Wait, what? Why is Google interested in plasma physics?
Google is always interested in solving complex engineering problems, and few are more complex than fusion. Physicists have been trying since the 1950s to control the fusion of hydrogen atoms into helium, which is the same process that powers the Sun. The key to harnessing this power is to confine hydrogen plasmas for long enough to get more energy out from fusion reactions than was put in. This point is called “breakeven.” If it works, it would represent a technological breakthrough, and could provide an abundant source of zero-carbon energy.
There are currently several large academic and government research efforts in fusion. Just to rattle off a few, in plasma fusion there are tokamak machines like ITER and stellarator machines like Wendelstein 7-X. The stellarator design actually goes back to 1951, so physicists have been working on this for a while. Oh yeah, and if you like giant lasers, there’s the National Ignition Facility which users lasers to generate X-rays to generate fusion reactions. So far, none of these has gotten to the economic breakeven point.
All of these efforts involve complex experiments with many variables, providing an opportunity for Google to help, with our strength in computing and machine learning. Today, we’re publishing “Achievement of Sustained Net Plasma Heating in a Fusion Experiment with the Optometrist Algorithm” in Scientific Reports. This paper describes the first results of Google’s collaboration with the physicists and engineers at Tri Alpha Energy, taking a step towards the breakeven goal.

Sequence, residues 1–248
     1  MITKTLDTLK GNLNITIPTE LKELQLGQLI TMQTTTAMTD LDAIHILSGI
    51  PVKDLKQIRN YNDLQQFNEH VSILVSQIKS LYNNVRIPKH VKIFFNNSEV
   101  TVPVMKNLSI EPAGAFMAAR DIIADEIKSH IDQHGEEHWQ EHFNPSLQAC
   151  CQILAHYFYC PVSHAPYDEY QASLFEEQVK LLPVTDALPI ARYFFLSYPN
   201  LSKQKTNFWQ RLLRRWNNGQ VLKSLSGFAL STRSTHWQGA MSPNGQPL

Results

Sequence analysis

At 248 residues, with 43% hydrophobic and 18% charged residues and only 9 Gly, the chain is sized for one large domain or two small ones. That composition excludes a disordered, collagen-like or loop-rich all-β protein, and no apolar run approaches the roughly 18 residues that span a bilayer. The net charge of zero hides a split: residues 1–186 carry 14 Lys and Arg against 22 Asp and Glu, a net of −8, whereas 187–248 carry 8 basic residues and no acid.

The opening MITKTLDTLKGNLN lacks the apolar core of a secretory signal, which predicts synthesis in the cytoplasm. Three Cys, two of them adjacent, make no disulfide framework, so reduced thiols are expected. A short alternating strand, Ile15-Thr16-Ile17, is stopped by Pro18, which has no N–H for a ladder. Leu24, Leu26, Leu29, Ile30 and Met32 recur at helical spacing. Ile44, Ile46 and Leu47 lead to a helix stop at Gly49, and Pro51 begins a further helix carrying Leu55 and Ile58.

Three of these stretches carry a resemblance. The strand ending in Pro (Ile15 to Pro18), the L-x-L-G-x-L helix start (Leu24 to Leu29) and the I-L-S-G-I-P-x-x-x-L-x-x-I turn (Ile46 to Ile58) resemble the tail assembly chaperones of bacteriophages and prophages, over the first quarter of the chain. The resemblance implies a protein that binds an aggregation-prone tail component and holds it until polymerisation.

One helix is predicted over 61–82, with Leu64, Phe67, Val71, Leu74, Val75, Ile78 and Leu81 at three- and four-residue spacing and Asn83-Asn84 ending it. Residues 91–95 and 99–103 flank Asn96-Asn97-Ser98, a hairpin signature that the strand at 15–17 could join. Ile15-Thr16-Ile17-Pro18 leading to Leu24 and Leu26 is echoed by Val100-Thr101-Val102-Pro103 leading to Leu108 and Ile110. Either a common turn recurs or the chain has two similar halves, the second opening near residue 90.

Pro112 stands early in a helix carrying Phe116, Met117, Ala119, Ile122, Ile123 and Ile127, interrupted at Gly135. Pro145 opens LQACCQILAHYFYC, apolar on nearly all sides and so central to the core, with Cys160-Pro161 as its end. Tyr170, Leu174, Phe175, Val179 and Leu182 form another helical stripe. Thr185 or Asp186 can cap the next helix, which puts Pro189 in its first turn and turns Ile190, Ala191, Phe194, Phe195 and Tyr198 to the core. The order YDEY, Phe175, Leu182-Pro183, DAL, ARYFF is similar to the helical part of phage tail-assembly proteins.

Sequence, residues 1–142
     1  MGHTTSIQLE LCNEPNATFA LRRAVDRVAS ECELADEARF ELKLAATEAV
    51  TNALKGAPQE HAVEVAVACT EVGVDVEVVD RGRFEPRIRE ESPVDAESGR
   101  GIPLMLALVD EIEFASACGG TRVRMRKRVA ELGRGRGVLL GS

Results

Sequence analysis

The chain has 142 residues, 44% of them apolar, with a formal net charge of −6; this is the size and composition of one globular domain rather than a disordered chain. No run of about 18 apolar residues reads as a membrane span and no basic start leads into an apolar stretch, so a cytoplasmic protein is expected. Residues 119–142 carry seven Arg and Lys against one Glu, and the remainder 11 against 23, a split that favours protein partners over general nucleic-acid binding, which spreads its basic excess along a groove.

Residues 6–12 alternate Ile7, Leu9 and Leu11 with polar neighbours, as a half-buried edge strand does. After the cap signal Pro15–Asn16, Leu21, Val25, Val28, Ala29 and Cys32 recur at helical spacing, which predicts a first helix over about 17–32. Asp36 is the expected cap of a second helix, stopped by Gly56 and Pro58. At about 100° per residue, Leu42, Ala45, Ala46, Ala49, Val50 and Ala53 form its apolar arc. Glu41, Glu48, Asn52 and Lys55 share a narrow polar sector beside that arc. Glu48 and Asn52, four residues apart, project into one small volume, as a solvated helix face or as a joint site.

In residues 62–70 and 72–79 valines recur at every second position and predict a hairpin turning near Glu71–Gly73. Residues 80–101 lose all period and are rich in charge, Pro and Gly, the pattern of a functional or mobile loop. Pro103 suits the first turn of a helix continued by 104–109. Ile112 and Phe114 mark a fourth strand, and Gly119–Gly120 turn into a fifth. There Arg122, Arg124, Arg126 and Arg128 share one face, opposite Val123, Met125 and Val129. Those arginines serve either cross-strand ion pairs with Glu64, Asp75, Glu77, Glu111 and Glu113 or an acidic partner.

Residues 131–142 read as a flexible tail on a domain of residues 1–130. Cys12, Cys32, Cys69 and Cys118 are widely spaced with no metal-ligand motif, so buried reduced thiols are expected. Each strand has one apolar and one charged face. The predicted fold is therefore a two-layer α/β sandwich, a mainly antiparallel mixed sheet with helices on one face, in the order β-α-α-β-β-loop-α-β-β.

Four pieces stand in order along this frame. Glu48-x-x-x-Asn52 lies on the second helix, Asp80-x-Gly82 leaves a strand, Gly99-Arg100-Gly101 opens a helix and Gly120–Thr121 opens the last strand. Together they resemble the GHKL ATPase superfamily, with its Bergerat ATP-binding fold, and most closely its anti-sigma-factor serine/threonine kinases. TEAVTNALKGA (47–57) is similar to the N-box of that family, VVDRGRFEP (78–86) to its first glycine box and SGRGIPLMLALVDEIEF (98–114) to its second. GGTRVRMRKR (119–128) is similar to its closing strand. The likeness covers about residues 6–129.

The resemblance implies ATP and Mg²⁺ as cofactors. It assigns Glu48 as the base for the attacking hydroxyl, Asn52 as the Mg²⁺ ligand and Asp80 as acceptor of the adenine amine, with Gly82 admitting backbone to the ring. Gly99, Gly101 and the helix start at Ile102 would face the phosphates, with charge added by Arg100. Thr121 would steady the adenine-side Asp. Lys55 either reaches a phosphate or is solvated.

Did you really just say that you got to fire a plasma collider?
Yeah. Tri Alpha Energy has a unique scheme for plasma confinement called a field-reversed configuration that’s predicted to get more stable as the energy goes up, in contrast to other methods where plasmas get harder to control as you heat them. Tri Alpha built a giant ionized plasma machine, C-2U, that fills an entire warehouse in an otherwise unassuming office park. The plasma that this machine generates and confines exhibits all kinds of highly nonlinear behavior. The machine itself pushes the envelope of how much electrical power can be applied to generate and confine the plasma in such a small space over such a short time. It’s a complex machine with more than 1000 knobs and switches, an investment (not ours!) in exploring clean energy north of $100 million. This is a high-stakes optimization problem, dealing with both plasma performance and equipment constraints. This is where Google comes in.
|End-on view of C-2U|
The “simple” simulations using magnetohydrodynamics don’t really apply. Even if these machines operated in that limit, which they very much don’t, the simulations make fluid dynamics simulations look easy! The reality is much more complicated, as the ion temperature is three times larger than the electron temperature, so the plasma is far out of thermal equilibrium, also, the fluid approximation is totally invalid, so you have to track at least some of the trillion+ individual particles, so the whole thing is beyond what we know how to do even with Google-scale compute resources.
So why are we doing this? Real experiments! With atoms not bits! At Google we love to run experiments and optimize things. We thought it would be a great challenge to see if we could help Tri Alpha. They run a plasma “shot” on the C-2U machine every 8 minutes. Each shot consists of creating two spinning blobs of plasma in the vacuum sealed innards of C-2U, smashing them together at over 600,000 miles per hour, creating a bigger, hotter, spinning football of plasma. Then they blast it continuously with particle beams (actually neutral hydrogen atoms) to keep it spinning. They hang on to the spinning football with magnetic fields for as long as 10 milliseconds. They’re trying to experimentally verify that these advanced beam driven field-reversed plasma configurations behave as expected by theory. If they do, this scheme could lead to net-energy-out fusion.